Jennifer Welch’s Story

How did you first become involved with NFCC? 

I first heard about NFCC when I was the Director of Wellness at St. John’s school. NFCC’s Community Relations Specialist at the time came to St. John’s to introduce the counseling center. After I toured the center and learned a little more about it, I started telling our counselors to refer people there as appropriate. NFCC was the first place I referred people where I only received positive feedback about their experiences. Many other places had long waiting lists or didn’t return phone calls, that was not the case at NFCC. When I left St. John’s, a member of NFCC’s advisory board reached out and invited me to participate and I have been a part of the organization ever since.

I am blown away by the work NFCC does and I am honored to be a part of it. I choose to serve on the board and support NFCC because of the amazing mental health services they offer and how hard they work to make counseling more affordable and more accessible. There are so few places that do that and as a clinician, that’s what appeals to me most. NFCC is truly doing groundbreaking work through their affordable payment options, options for in-person or zoom counseling, the varied experiences and expertise of the clinicians, and the top-notch training they offer. 

Everyone’s mental health was clearly impacted over the past year as we dealt with Coronavirus and social distancing. As we start to return to normalcy, can you give a little insight into why counseling and accessible mental health resources remain so critical to our community?

First off, I believe that mental health counseling can be effective and important for everyone at all times. You do not have to just seek out counseling in times of crisis, such as during a pandemic. Seeking it out on a regular basis is so important for building relationships and becoming your best self. Counseling is like working out. People work out all the time to stay in shape physically and counseling is the same thing for you mentally. It’s easy to take your mental health for granted when you are not in crisis. Maybe a positive from COVID is that we all look at mental health a little differently. Things we took as a given can be addressed now instead of later.  Just like our physical health, we never know when something might happen to our mental health, so let’s do something preventative about it.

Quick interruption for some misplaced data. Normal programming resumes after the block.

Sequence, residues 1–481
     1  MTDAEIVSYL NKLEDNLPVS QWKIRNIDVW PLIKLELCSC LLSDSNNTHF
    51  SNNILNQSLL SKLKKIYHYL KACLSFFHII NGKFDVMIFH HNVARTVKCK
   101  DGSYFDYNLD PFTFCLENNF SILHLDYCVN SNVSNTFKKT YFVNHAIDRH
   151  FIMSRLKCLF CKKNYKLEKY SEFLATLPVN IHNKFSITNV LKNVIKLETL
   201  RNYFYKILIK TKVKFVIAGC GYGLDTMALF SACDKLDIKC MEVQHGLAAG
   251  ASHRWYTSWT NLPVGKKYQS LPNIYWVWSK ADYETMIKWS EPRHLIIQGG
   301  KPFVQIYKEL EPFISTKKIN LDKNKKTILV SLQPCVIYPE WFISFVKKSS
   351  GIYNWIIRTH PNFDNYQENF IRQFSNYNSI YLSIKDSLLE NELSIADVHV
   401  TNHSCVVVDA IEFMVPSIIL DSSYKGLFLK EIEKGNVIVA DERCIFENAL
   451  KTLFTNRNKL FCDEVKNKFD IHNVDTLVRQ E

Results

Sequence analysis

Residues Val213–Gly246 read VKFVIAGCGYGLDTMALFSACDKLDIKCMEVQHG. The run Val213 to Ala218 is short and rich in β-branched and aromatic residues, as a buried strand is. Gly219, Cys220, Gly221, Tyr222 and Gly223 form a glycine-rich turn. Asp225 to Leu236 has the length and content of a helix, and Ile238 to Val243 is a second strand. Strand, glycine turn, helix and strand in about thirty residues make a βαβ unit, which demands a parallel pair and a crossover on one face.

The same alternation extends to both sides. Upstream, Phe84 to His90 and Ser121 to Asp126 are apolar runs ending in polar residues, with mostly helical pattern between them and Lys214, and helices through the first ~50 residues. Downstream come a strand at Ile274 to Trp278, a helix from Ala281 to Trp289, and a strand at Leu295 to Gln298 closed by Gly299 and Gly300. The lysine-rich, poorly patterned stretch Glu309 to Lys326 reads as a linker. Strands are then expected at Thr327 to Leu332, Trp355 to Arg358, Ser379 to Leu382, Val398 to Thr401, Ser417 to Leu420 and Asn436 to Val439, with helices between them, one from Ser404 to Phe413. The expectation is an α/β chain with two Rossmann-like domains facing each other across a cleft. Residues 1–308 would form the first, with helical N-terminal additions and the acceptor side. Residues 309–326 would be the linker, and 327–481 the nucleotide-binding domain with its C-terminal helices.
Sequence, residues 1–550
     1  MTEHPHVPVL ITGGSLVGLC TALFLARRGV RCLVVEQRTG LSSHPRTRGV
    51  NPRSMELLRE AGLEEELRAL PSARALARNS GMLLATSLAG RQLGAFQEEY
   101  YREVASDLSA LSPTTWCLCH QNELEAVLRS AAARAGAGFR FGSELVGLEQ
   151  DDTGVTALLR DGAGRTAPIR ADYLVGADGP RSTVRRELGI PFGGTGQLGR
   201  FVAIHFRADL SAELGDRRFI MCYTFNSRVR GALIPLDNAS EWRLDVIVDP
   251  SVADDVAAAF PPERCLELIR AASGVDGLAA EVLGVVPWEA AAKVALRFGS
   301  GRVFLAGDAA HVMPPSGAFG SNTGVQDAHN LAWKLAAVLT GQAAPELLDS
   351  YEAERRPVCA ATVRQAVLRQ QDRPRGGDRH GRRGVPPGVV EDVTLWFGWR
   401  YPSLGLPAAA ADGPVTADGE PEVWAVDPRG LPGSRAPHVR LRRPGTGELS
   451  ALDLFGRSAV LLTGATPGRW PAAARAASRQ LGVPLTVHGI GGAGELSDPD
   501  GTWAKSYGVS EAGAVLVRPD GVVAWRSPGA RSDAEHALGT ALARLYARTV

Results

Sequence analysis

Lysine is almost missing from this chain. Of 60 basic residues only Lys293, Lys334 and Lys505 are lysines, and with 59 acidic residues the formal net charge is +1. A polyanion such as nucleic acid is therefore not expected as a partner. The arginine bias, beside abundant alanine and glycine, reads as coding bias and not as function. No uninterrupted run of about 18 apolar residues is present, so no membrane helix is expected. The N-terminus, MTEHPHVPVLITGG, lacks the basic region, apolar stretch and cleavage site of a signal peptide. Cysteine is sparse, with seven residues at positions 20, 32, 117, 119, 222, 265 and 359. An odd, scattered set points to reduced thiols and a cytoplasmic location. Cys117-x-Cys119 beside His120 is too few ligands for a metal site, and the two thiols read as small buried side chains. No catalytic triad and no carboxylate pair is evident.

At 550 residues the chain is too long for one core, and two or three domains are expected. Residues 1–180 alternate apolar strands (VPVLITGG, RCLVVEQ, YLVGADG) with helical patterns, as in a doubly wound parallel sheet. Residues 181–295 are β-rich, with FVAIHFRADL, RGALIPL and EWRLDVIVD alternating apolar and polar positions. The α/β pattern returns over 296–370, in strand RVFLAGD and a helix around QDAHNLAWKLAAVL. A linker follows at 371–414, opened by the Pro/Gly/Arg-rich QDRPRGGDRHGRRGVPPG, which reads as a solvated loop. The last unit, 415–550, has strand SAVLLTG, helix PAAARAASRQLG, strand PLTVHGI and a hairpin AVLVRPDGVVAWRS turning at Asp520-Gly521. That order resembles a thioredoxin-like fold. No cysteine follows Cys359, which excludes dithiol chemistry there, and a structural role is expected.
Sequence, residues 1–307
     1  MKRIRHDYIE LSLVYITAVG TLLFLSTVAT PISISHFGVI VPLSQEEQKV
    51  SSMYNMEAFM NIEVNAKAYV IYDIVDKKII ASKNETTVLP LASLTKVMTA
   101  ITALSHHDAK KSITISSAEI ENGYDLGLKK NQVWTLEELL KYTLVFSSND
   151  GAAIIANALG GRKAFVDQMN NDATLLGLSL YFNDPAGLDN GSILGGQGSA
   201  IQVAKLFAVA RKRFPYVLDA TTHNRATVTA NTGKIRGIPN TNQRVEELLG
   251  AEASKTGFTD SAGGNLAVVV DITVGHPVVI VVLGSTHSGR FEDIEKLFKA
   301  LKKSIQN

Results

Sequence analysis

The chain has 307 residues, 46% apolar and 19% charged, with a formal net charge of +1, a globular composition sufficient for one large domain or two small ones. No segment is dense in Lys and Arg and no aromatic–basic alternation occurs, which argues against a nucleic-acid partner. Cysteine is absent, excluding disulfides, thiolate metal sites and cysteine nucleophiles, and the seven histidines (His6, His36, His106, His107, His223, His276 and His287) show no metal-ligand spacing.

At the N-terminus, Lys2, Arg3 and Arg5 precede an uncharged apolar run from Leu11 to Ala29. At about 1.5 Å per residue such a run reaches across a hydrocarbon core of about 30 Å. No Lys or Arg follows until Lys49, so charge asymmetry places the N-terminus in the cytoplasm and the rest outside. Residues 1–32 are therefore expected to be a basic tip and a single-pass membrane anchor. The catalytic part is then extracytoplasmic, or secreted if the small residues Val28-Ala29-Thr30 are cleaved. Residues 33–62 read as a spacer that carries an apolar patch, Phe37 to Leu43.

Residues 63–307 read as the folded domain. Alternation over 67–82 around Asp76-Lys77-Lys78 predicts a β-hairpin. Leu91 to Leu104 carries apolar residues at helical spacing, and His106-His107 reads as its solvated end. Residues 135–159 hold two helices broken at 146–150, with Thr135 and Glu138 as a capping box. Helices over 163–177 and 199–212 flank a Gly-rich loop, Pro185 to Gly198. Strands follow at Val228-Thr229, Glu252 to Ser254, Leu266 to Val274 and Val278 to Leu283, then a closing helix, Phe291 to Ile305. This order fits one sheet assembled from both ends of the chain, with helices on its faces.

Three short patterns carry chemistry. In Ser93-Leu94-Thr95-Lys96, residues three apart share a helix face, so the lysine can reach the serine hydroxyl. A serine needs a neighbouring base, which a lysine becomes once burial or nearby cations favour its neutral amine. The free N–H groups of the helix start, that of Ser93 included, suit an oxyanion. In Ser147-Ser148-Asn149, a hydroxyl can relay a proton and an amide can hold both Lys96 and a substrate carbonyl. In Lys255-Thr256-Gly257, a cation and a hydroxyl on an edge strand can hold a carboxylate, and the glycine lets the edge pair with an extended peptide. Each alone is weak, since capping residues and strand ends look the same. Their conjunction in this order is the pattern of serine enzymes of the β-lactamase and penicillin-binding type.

Secondly, everyone was traumatized by COVID in different ways. When you are healing from a trauma and you are returning to a new normal, there will be bumps in the road. The first time I was in public without a mask it freaked me out! It felt weird to be around people. Integration will be bumpy. We will be excited, scared, we are going to feel all the feelings. Having a counselor help us through that just makes sense. 

You have been a member of our advisory board since 2017. What do you hope to see NFCC accomplish in the next five years?

Of all the organizations I have worked with professionally and personally, NFCC is the most mission-driven place I have encountered. Working with NFCC has been a pleasure because the staff and counselors are really focused on their mission. NFCC feels like a family to me; everyone there genuinely cares about each other and the work they do. This is why I hope the counseling center continues to grow. Though it may seem strange that I want NFCC to experience even more growth, it is truly because I want more people to be positively impacted by the fabulous services that NFCC has to offer. I want more people to be touched by something they see on the counseling center’s social media or a training they attend! Even though it shouldn’t be, it is unique to find, and that is why I am so excited to be a part of the organization.